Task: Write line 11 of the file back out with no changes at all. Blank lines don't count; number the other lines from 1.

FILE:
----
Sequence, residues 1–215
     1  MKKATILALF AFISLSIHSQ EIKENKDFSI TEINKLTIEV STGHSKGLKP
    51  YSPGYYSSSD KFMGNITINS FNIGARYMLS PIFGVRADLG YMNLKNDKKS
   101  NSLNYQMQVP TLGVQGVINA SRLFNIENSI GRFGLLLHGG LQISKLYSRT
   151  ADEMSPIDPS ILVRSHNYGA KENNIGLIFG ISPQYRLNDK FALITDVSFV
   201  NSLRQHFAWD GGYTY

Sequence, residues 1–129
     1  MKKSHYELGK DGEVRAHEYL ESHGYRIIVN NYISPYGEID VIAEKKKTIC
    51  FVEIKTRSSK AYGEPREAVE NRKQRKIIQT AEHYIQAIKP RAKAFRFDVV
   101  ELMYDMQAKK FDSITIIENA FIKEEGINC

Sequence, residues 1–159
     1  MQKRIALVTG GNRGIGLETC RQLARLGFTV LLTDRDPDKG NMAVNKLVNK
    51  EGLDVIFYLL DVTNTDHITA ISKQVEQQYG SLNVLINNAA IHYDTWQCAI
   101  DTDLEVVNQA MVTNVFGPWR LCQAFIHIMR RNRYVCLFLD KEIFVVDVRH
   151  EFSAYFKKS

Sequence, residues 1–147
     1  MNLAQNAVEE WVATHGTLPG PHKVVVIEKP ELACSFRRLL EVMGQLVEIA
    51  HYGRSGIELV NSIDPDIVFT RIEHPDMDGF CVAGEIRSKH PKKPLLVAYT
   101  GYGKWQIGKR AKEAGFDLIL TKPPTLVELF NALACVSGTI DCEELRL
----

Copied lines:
Sequence, residues 1–159